Should You Stay or Should You Go for a Remodel? 10 Points to Ponder

For remodels big and small, homeowners all have to answer the exact same question: If you find an untouched area in your home and live through the building, or pack your bags and go? The answer depends on the size of your remodel and those two other things you might never have considered.

Ira Lippke

1. Money. The most obvious factor is actually more complex than you might think. Yes, it will cost money to get a rental, but it can also cost money if you stay and you are whatsoever. Some contractors charge more for jobs where customers stay on, realizing there will be extra costs in cleaning, a rush to acquire mechanical work done so that electrical and plumbing services aren’t disrupted, and things as straightforward as lengthy daily conversations onsite with homeowners.

That really is a calculation best done in concert with your contractor and using a hefty dose of reality. If you have never seen a home undergoing a remodel, then now is the time to do just that so you can get a very clear idea of how much of your home will be affected by what you’ve planned.

Kerrie L. Kelly

2. Purpose. The type of project can immediately answer the stay-or-go question. If a roof is coming to get a second story or your home is being raised upward, you will probably want to move out. These kinds of renovations make it impossible to warm or cool a home effectively and normally involve cutting plumbing service, electricity, heating and air conditioning. If you are aware that a huge blue tarp will be part of this plan, consider that your invitation into an alternate dwelling.

Jeff King & Company

3. Scope. Function that includes over half of your home or that impacts each one your kitchen and bathrooms will pretty much rule out remaining at the home as well. Most households can get by without a kitchen, but having no bathroom means to wash dishes or yourselves. And also a single room does not make.

Before Photo

Ventana Construction LLC

4. Pets. The key with pets is keeping them away from the section of your home that’s under construction. Temporary doorways and ZipWalls will help, but occasionally the incessant noise and activity can be disturbing to cats and dogs even if they are physically separated in the work area. Contractors are just as concerned about your pets as you are, but you should understand their limitations. Some contractors actually ask for special contract clauses stating that they will not be accountable for the pets in the event that they escape.

5. Kids. Children are often fascinated by the work going on. But if you spend a lot of time engaging carpenters in talk with your children, costs will add up fast. Additionally, workers at your home cannot be requested to quit making noise at nap time (remember, you’re paying them hourly), so if you have a young child, you have to find an alternate location to nap or bite the bullet and get a rental.

Before Photo

Ventana Construction LLC

6. Cooking. A temporary kitchen can be just the thing to get you through a kitchen remodel. A hot plate, microwave and toaster oven are fantastic for makeshift food production. Preparing and freezing meals ahead is extremely effective, assuming that the remodel scope permits you to maintain a freezer. But producing four to six months’ worth of meals could be daunting. Homeowner Jennifer Bartlett created and froze meals for two weeks prior to the remodel so that she would not have to eat out every evening. This needed purchasing a new freezer, however, it was a remedy she had been happy with during her kitchen remodel and home office inclusion.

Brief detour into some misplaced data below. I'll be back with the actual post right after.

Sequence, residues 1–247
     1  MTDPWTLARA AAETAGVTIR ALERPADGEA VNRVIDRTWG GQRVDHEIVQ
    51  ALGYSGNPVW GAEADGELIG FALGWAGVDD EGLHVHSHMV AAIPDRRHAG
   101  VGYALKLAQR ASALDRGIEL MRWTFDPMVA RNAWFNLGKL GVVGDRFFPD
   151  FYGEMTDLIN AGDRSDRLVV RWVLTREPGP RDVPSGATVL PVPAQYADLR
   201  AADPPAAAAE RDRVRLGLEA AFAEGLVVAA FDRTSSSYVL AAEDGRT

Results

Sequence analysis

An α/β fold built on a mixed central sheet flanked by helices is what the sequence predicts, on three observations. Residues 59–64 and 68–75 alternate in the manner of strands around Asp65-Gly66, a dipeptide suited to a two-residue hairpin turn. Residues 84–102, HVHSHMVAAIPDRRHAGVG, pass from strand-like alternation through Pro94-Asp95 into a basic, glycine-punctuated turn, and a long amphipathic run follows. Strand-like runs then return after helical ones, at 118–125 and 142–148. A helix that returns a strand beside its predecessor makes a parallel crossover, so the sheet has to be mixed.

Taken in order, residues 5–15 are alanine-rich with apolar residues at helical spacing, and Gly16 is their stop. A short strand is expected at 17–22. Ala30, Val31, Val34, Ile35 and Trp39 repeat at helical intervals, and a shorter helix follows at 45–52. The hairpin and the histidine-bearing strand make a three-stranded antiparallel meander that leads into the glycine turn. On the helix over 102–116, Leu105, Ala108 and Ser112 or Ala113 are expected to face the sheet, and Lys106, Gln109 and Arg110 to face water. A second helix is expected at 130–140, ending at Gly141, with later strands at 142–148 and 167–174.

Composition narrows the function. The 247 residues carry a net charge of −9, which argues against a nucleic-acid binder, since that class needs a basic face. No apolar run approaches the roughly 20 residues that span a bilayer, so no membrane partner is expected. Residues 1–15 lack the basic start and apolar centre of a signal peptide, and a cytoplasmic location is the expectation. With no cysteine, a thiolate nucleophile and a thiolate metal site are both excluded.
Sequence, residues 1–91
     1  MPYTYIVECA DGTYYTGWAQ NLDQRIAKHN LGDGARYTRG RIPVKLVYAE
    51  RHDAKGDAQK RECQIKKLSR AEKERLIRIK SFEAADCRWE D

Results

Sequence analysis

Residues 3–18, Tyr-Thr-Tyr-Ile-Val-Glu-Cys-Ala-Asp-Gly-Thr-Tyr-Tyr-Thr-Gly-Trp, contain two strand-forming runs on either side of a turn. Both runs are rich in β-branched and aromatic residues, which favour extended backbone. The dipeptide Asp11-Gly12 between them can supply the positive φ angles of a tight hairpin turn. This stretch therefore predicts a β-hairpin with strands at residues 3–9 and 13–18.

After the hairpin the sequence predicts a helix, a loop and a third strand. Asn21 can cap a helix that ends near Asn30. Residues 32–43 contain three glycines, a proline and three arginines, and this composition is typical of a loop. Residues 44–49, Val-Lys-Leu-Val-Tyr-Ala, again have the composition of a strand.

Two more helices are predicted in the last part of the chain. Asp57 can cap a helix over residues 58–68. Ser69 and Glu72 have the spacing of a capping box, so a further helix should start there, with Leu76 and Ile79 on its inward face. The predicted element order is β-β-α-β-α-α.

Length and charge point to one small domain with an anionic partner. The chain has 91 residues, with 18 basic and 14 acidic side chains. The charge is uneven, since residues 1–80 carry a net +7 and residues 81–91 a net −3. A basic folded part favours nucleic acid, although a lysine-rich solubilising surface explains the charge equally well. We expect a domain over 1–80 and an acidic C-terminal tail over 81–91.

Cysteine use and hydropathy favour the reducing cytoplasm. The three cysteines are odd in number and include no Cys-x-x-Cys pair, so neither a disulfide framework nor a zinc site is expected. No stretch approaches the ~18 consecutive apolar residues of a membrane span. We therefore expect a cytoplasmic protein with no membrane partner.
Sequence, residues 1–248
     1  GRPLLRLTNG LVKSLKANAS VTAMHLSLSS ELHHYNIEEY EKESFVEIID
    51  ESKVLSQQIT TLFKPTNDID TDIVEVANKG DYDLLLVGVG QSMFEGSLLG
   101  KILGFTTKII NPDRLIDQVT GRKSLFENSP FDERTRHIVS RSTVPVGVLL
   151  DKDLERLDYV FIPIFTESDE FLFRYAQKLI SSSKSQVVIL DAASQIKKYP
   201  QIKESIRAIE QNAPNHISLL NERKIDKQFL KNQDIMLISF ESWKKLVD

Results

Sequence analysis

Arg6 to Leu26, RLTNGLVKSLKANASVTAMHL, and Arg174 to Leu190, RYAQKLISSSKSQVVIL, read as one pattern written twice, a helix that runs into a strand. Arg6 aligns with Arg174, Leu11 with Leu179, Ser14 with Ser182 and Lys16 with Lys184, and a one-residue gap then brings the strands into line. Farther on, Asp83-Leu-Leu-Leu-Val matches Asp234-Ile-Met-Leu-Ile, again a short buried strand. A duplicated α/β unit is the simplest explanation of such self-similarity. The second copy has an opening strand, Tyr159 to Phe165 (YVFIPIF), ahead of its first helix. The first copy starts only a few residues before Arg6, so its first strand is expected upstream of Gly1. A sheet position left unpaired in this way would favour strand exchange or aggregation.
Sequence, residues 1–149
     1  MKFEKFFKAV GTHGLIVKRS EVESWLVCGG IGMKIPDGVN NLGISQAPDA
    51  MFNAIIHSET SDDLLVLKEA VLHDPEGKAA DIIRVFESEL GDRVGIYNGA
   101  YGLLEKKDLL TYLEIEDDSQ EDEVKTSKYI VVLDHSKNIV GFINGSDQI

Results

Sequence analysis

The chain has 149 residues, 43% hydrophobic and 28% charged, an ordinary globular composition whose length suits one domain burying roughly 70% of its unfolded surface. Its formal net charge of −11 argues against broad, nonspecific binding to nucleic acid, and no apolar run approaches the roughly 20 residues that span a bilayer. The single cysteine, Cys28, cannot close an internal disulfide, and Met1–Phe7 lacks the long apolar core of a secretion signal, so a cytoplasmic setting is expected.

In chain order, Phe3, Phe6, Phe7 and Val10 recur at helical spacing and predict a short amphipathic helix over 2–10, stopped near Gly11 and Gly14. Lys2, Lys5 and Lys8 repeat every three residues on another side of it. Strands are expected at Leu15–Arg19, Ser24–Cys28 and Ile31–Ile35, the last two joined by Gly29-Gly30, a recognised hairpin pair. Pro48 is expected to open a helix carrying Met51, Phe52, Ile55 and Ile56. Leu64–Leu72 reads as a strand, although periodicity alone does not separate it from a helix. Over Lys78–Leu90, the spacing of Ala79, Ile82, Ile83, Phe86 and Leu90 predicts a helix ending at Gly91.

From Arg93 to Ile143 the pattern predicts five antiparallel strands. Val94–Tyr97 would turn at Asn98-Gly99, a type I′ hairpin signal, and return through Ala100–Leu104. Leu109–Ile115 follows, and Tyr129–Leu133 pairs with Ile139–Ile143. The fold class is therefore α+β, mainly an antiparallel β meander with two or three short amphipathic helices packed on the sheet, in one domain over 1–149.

kimberly peck architect

7. Cleaning. Don’t underestimate how this can wear on you over time. Washing your dishes in the bathtub might get old after a couple of weeks. And even with thorough site security, anticipate dust to accumulate around your home. It’s worthwhile to ask your contractor to run an air handler to filter the dust out for the duration of this project.

8. Sheetrock. It’s likely to strike a happy medium by remaining far from demolition until the Sheetrock phase and then going back in. By waiting till the Sheetrock is complete, you stay away from the messiest, dustiest and noisiest portions of this undertaking. This usually happens two-thirds of how through a project, and that translates into a possible one-third savings onto a rental. But your location will nevertheless be move-in ready.

9. Needing to go even in the event that you stay. Some remodeling job requires zero occupancy even when you can stay for most of the undertaking. Finishing hardwood floors generally means staying apart for at least a day on at least two separate occasions while the fumes dissipate, for instance. Thus, even when you camp out in the home during most of the building, be aware that you may need to leave during certains times anyhow.

Ventana Construction LLC

10. Peace of mind. If you stay, you can be sure that you’ll be intimately aware of the state of your home. Going off has its advantages too. Homeowner Peter Langmaid’s whole-house remodel was completed earlier this season, and he stands by his choice to leave. “My guidance for major remodels: Budget for a rental — it’s less painful if it does not feel to be an extra expense — and leave,” he states. “The remodel may occupy lots of your own time; no desire to wallow in the daily actions.”

Inform us Do you have advice on whether to go or stay? Share your ideas in the Remarks section below.

See related